In the world of divorce, issues of pet custody and divorce exist somewhere between the realm of division of marital properties and matters of child custody.
While the law in nearly every jurisdiction in the United States views pets as items of property – akin to the 42-inch plasma TV or leather ottoman – more courts are beginning to recognize the need to address the very serious issue of deciding pet guardianship after divorce.
Creating a Case for Pet Custody
Divorce attorneys and law schools are helping to forge the way for concerned pet owners who want the courts to better understand the intrinsic differences between their beloved animal companions and the dining room table.
In 2004, The Christian Science Monitor reported that “dozens of law schools around the country - including Harvard, Georgetown, and Yale - offer animal law classes that have segments on pet custody.”
Before taking the marital plunge:
Consider including your pet in your pre-nuptial agreement.
If no pre-nup exists, consider having an divorce attorney help you to draw one up, with inclusion of what will happen to the pet upon divorce.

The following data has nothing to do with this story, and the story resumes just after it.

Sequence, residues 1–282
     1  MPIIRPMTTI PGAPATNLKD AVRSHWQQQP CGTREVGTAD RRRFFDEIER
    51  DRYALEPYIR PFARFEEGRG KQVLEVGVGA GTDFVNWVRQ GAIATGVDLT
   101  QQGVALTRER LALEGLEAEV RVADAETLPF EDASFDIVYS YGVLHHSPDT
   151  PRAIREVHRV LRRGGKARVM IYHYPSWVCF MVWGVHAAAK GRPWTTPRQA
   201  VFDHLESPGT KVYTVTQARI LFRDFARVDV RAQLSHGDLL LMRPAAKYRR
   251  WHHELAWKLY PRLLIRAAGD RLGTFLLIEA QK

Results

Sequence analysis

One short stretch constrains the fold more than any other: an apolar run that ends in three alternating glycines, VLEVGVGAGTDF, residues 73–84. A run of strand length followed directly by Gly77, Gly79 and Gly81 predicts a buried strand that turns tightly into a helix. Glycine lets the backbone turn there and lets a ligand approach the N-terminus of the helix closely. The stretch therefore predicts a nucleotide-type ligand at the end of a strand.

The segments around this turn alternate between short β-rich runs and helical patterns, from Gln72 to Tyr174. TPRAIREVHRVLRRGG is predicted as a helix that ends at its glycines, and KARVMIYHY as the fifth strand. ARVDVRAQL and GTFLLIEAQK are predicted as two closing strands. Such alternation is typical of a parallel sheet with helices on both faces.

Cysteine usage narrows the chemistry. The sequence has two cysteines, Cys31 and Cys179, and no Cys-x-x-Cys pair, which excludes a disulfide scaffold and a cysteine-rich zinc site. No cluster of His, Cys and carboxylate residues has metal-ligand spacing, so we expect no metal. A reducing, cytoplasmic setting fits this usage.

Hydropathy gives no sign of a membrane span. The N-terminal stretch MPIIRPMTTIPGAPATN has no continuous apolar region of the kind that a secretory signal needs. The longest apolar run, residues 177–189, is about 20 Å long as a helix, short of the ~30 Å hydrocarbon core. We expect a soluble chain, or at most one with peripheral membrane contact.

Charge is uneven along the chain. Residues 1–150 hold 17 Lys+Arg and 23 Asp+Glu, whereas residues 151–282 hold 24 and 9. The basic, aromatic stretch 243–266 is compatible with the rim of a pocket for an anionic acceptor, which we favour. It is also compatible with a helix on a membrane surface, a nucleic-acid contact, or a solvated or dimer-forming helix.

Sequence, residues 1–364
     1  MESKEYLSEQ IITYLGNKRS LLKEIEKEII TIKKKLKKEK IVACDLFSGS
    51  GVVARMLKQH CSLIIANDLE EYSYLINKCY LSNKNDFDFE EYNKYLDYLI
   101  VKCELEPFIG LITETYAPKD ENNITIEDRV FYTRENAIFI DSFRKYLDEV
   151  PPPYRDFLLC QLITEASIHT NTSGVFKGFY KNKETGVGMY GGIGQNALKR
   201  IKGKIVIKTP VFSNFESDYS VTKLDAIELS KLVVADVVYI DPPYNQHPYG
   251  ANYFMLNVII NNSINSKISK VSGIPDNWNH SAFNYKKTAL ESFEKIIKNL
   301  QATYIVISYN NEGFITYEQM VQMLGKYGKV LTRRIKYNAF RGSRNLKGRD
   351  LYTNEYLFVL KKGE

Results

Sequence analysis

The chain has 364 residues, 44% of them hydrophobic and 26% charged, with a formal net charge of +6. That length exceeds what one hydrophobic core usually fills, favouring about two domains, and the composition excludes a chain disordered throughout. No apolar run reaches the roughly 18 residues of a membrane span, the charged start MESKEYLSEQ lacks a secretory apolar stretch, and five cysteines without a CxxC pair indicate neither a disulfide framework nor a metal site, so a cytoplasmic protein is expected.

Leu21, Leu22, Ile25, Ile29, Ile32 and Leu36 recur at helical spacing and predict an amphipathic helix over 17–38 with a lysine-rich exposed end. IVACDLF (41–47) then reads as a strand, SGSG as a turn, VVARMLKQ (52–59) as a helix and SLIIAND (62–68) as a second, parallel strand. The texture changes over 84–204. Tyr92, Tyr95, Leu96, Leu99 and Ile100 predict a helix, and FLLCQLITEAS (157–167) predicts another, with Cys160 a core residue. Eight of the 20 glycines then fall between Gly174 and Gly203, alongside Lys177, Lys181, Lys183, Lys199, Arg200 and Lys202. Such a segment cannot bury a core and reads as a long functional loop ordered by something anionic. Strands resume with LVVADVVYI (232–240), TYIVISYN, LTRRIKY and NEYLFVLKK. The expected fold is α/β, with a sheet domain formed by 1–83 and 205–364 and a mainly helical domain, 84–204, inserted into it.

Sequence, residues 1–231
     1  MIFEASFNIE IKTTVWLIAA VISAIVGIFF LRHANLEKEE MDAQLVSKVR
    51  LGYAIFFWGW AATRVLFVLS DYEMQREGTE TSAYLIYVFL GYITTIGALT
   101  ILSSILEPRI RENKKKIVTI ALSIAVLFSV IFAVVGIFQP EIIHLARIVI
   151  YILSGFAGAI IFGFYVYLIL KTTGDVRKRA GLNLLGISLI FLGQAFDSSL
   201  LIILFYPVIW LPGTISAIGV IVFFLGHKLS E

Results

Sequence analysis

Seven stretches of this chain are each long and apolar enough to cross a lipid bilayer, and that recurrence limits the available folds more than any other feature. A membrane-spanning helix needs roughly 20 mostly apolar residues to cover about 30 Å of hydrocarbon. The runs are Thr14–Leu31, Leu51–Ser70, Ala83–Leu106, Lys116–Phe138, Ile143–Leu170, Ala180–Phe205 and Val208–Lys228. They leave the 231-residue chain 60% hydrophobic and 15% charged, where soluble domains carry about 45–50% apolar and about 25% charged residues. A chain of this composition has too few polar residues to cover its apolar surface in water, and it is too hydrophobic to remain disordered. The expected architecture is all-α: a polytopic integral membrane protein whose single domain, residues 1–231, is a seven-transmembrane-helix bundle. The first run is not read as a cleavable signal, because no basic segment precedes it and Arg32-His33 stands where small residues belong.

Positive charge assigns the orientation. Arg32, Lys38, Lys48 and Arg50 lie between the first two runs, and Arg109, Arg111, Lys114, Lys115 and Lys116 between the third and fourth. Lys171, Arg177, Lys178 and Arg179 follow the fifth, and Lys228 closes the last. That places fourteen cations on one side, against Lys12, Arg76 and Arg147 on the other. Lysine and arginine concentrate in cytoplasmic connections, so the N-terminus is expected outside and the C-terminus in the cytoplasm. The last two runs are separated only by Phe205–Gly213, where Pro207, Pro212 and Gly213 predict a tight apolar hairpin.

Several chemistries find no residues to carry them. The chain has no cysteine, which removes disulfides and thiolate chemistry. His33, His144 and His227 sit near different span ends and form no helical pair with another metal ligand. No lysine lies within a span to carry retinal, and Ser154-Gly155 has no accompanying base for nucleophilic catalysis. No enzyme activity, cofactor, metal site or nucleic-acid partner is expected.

If you are currently involved in a divorce process and find yourself more concerned with maintaining guardianship of Fido and Spot than in snagging the keys to the luxury sedan, you are not alone.
Lawyers in the United States are experiencing a rise in divorce cases that involve decisions of pet custody. A divorce lawyer who is experienced in both child custody and division of marital property can help guide you in your quest to regain and maintain some form of ownership of your beloved pet.
To begin, ask your divorce attorney to look into the possibility of mediation or arbitration in determining the guardianship of the family pet. This might be the best option, particularly if the judge that is handling the divorce case does not want to decide issues of pet custody.
If the pet was yours prior to the marriage or you paid for the pet, you might have better odds of winning guardianship. However, prior ownership does not automatically equal post-divorce custody. The issue of pet custody is also dependent on who acted as primary caretaker for the pet for the duration of the marriage.
Let whocanisue.com find a divorce attorney that can help you get your beloved pet back from your ex spouse!
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